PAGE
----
All our constitutional reform initiatives have been on roller coaster

Constitution dummy being positioned during President William Ruto's swearing-in at Kasarani in September 2022. [Denis Kibuchi, Standard]

Since the early 1990s when multi-party democracy was restored, political compromise and dialogue have solved crises that endanger peace and stability. Whenever the country is on the brink of chaos, the political class must come together and negotiate deals that typically restore some degree of normalcy.

This was the case in 1997 when the Inter-Parties Parliamentary Group (IPPG) mechanism was established in response to nationwide protests that frequently turned violent due to police brutality.

The protests demanded legal reforms to level the political playing field before the general elections. As a result of this mechanism, the Electoral Commission of Kenya (ECK) was expanded to include Opposition nominees. Other changes affected pubic order management, political organising, detention without trial, and free expression.

Despite these changes, Kenyans still hoped for a more comprehensive constitutional overhaul to redefine the relationship between the citizens and the State and reconfigure governance, human rights, and democratic principles. However, there were disagreements on how to carry out this process. The Kanu government favoured a Parliament-led process, while others wanted the people’s and civil society’s involvement. In 2001, Prof Yash Pal Ghai was appointed to head the Constitution of Kenya Review Commission (CKRC). However, before taking the oath of office, he insisted that civil society and religious groups should be included in the constitution-making process.

This led to a robust and participatory constitution-making process in Kenya. Unfortunately, the political class hijacked the process, and the resulting “Wako Draft” was rejected by Kenyans in the 2005 referendum. This caused the dissolution of the Cabinet and the formation of a new one. Furthermore, the Raila Odinga-led team was removed from the Mwai Kibaki government, which set the stage for the rifts that led to the 2007-2008 post-election violence. This violence caused the death of over 1,300 Kenyans, rape, internal displacement of hundreds of thousands, and injuries. In response to the high levels of violence, destruction, and pressure from the international community, the political leaders engaged in negotiations mediated by former UN Secretary-General Koffi Annan.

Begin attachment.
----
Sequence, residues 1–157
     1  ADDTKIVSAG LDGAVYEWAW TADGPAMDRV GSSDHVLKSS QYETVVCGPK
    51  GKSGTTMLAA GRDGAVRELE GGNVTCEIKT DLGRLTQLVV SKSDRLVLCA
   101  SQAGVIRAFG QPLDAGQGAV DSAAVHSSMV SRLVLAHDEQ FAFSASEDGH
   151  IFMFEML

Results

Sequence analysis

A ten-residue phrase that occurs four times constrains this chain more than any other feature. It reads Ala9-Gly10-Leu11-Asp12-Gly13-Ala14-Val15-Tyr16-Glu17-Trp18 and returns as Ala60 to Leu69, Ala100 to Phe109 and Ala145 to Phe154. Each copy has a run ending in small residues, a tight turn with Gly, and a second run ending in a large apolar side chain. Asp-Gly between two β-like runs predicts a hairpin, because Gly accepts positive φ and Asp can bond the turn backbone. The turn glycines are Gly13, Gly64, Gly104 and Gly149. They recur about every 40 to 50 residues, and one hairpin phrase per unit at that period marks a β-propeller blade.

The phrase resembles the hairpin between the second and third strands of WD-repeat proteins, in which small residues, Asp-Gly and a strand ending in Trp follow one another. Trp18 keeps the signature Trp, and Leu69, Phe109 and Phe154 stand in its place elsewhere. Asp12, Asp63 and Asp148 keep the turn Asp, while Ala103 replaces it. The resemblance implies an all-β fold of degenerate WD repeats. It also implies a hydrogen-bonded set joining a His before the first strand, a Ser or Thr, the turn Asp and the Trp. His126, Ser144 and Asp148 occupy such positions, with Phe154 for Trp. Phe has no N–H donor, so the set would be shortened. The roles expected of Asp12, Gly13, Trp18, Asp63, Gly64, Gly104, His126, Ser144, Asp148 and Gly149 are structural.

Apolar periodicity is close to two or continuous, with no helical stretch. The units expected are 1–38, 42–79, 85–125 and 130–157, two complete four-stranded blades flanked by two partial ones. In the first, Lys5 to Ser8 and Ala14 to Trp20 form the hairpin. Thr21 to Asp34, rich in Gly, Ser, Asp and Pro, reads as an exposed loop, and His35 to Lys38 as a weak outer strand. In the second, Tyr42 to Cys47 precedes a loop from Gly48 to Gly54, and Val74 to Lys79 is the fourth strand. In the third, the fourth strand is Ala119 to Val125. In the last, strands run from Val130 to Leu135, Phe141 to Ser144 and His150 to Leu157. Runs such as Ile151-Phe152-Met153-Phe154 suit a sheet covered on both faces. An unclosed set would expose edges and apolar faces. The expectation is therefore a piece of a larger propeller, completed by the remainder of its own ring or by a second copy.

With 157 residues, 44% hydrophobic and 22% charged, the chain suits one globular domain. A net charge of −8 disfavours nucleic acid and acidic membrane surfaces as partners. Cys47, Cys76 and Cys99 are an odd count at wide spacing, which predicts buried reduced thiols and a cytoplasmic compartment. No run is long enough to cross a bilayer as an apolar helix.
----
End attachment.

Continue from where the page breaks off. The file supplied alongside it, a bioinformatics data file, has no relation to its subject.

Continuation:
This resulted in the signing of the National Accord and a power-sharing agreement. The accord established the position of non-executive Prime Minister, two Deputy Prime Ministers, and a large Cabinet consisting of over 40 ministers and numerous assistant ministers. Additionally, the National Accord introduced a plan for constitutional reforms and the formation of various commissions to investigate Kenya’s issues, and provide suggestions. These commissions included the Kreigler Commission on Elections, the Waki Commission on Post-Elections Violence, the Ransley Commission on Police Reforms, and the Truth, Justice, and Reconciliation Commission. After a thorough constitution-making process led by the people, the Kenyan citizens finally approved the 2010 Constitution. The new Constitution aimed to address corruption, impunity, excessive executive powers, and human rights violations.

The protests that took place in 2018, led by the Opposition and resulting from the nullification of the 2017 General Election and repeat elections, caused another political crisis. This was eventually resolved through a surprise agreement between Raila and President Uhuru Kenyatta known as the Building Bridges Initiative (BBI). However, the proposed constitutional and legal reforms that followed were criticised for being an unconstitutional hijack of the Constitution and were cut short by the courts.

Kenya is experiencing another constitutional change push after the crisis caused by the 2023 Azimio-led protests related to the cost of living. This has resulted in the formation of the National Dialogue Committee (NADCO), which has triggered a Constitution Amendment Bill. However, there are already concerns about the proposed changes and the possibility that some are unconstitutional. Are we expecting another BBI-type court battle?